The Great Deep by James Hamilton-Paterson (out of print). Famously enigmatic and reclusive, Hamilton-Paterson has a profound fascination for the world’s waters and oceans. This slender book presents a distillation of the maritime world like few others.
The Physical Geography of the Sea by Matthew Fontaine Maury (Univ. of Michigan, $24). Maury was a rising star in the U.S. Navy when he was crippled in a stagecoach accident. He stayed in the Navy, becoming the greatest oceanographer of his time. The Physical Geography of the Sea remains the best description available of the technical mysteries of waves, currents, and ocean winds.
Sailing Alone Around the World by Joshua Slocum (Penguin, $14). Slocum took a worn-out, 36-foot sloop named Spray, rebuilt it, and set out from Massachusetts in 1895. Three years later, he returned, having logged 46,000 sea miles while sailing solo around the planet. Any boy who does not like Slocum’s book, declared children’s author Arthur Ransome, should be “drowned at once.”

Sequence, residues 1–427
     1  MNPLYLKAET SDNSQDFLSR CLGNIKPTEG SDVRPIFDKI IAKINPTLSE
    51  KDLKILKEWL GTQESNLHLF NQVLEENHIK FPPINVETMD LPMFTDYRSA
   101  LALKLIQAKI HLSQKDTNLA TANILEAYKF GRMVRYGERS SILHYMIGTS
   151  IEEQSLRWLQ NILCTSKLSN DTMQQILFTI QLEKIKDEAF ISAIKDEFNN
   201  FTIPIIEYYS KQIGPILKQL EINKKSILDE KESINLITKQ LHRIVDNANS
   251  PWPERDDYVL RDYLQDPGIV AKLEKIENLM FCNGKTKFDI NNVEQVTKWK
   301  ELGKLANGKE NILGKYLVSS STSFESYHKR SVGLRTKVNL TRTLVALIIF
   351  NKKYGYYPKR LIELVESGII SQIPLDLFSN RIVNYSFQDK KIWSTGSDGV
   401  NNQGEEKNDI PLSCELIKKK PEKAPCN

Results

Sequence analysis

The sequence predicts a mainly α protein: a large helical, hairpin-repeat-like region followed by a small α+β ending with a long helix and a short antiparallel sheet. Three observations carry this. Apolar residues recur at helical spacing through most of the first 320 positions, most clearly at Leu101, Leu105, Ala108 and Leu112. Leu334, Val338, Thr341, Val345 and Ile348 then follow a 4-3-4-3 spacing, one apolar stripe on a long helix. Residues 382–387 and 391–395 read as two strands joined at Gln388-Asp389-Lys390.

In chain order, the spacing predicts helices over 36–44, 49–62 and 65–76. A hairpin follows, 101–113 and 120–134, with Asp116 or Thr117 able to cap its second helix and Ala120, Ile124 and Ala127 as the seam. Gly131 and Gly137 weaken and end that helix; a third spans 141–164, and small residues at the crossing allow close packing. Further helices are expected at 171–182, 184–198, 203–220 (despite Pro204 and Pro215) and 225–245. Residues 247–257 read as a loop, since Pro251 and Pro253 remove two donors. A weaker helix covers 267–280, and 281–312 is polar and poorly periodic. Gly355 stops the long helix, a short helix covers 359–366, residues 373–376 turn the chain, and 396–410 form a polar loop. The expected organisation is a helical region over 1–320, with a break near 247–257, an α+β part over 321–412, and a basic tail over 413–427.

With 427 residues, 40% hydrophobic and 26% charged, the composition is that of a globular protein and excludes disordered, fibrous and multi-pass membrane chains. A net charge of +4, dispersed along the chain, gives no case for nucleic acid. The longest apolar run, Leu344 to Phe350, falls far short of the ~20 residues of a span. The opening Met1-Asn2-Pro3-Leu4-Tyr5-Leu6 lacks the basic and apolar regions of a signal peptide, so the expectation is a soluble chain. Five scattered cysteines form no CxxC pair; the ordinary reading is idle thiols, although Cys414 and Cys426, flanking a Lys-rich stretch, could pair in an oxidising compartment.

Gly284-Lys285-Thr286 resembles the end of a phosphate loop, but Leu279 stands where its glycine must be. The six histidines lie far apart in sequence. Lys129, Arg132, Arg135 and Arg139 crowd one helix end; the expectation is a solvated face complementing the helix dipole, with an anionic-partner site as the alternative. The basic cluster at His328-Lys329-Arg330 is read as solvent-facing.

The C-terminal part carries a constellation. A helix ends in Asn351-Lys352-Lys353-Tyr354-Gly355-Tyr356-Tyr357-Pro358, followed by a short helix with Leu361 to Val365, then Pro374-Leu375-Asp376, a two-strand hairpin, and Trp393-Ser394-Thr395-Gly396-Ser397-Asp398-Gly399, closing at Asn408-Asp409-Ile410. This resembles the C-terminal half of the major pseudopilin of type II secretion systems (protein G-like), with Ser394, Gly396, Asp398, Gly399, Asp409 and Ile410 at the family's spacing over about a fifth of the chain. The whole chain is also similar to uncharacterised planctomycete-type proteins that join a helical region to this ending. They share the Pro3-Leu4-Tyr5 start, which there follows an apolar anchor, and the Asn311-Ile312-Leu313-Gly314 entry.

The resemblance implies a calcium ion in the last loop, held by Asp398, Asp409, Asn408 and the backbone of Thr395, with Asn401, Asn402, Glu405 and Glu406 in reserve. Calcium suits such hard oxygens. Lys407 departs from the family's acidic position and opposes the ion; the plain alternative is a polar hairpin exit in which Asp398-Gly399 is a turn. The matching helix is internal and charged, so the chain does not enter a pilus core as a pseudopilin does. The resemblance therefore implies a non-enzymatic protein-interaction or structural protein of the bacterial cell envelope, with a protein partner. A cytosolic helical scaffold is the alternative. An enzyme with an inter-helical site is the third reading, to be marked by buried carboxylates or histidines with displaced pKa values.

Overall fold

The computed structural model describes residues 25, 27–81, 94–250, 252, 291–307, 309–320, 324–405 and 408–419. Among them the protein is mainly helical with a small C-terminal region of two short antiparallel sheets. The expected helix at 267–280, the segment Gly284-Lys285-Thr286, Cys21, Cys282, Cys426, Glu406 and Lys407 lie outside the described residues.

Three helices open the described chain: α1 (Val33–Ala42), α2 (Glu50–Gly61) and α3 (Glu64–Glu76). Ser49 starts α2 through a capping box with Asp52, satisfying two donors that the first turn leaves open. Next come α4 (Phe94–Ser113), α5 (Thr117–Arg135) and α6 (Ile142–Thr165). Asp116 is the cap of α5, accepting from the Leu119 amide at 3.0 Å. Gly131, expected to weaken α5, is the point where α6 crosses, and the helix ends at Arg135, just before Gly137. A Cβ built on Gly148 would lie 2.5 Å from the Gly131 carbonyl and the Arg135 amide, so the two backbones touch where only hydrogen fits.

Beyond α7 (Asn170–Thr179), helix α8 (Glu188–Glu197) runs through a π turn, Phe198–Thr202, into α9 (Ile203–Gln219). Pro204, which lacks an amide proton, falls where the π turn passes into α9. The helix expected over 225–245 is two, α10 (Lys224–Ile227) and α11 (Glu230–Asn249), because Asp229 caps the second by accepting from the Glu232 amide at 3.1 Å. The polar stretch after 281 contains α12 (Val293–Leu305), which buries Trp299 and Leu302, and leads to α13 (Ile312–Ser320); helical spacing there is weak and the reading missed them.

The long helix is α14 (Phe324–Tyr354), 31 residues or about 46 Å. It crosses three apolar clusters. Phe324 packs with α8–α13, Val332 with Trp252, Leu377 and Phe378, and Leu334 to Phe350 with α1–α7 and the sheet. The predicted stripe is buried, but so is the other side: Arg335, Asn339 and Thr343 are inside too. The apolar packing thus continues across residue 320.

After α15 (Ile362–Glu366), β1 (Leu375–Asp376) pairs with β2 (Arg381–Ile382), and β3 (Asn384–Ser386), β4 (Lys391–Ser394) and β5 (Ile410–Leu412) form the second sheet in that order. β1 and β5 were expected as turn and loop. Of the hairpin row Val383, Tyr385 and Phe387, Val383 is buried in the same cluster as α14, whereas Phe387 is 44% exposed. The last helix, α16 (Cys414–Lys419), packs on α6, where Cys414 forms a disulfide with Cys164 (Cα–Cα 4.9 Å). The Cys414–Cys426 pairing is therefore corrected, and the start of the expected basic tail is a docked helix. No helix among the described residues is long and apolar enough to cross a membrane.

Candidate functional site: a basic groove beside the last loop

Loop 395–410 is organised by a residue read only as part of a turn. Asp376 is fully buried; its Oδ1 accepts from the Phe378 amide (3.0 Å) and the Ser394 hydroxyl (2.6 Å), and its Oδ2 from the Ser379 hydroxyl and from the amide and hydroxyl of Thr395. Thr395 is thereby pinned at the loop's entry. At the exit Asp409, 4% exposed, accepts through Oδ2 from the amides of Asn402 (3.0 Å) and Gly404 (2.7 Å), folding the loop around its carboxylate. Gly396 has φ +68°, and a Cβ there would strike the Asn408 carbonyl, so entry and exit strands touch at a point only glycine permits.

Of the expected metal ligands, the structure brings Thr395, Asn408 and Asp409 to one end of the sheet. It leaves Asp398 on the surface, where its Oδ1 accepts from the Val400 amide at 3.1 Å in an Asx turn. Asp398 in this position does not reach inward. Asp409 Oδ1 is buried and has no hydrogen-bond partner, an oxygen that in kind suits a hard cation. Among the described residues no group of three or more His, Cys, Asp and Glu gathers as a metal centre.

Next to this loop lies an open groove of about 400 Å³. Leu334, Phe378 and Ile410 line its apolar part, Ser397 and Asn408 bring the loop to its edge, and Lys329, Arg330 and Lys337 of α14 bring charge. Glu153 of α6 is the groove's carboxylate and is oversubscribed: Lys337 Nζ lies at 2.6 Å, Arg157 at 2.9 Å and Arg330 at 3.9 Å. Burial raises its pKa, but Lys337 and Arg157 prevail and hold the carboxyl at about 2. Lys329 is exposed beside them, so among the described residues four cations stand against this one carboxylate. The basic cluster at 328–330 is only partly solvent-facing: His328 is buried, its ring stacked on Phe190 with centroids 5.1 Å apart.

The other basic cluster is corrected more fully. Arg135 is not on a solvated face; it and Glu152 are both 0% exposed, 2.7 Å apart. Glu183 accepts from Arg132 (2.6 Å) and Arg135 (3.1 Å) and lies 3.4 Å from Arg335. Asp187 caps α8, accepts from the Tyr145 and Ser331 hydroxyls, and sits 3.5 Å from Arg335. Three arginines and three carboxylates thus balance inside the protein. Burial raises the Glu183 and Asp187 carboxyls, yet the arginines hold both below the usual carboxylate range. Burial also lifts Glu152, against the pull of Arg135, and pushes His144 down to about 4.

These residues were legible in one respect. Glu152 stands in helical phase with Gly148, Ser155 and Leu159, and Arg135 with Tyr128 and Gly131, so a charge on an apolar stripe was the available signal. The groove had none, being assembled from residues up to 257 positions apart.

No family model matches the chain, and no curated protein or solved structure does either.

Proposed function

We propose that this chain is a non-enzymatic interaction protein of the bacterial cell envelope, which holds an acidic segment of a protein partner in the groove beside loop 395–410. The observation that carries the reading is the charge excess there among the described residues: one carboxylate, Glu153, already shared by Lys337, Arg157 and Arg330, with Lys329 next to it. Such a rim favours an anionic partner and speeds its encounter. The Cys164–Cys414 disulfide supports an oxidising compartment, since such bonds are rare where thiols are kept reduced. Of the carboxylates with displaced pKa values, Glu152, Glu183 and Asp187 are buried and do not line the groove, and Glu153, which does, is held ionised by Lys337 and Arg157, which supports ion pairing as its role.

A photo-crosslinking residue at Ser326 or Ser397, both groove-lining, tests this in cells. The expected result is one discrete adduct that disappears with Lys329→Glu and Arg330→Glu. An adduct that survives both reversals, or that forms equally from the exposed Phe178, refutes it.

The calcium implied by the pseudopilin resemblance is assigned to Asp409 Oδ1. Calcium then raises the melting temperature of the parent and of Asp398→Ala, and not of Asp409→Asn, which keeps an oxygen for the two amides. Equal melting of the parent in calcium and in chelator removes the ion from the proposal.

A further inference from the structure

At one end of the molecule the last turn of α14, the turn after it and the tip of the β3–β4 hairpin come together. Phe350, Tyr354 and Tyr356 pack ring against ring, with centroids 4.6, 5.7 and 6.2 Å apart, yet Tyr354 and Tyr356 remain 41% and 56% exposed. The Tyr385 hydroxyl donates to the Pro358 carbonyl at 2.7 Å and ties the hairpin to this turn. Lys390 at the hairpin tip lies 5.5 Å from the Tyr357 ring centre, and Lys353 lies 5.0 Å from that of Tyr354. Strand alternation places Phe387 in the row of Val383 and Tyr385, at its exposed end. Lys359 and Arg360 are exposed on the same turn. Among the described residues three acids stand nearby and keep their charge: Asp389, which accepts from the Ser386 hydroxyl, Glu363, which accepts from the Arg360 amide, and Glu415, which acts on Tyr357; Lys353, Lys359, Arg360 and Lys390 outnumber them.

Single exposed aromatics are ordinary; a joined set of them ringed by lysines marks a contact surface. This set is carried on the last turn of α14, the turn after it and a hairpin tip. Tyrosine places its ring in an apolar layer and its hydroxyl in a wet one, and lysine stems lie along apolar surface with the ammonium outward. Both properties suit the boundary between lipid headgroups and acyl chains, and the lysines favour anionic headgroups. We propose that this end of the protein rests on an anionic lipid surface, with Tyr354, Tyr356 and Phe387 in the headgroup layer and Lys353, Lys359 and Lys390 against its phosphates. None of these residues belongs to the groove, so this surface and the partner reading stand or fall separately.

In Hazard by Richard Hughes (NYRB Classics, $15). Best known for his trilogy The Human Predicament, Hughes had decades earlier written this fictional account of a hurricane in the Caribbean. He tells the story from the perspective of the crew of a merchant ship called the Archimedes, and the writing is truly sensational: You huddle beneath the covers, relieved to be safe and dry.
Ocean Passages for the World: First Edition by the Hydrographer of the British Navy (British Library, $21). The famous coastal guides of the British admiralty pilots are captivating reading for even the most landlubberly, but the 1895 first edition, attributed to Capt. Robert Jackson, will make armchair sailors of us all.
The Cruel Sea by Nicholas Monsarrat (Burford Books, $19). Monsarrat was a commander in Britain’s volunteer navy reserve during World War II and he wrote several sea stories. Of the many accounts of battles and ships, his story of the HMS Compass Rose at war remains the most vivid, sad, and memorable.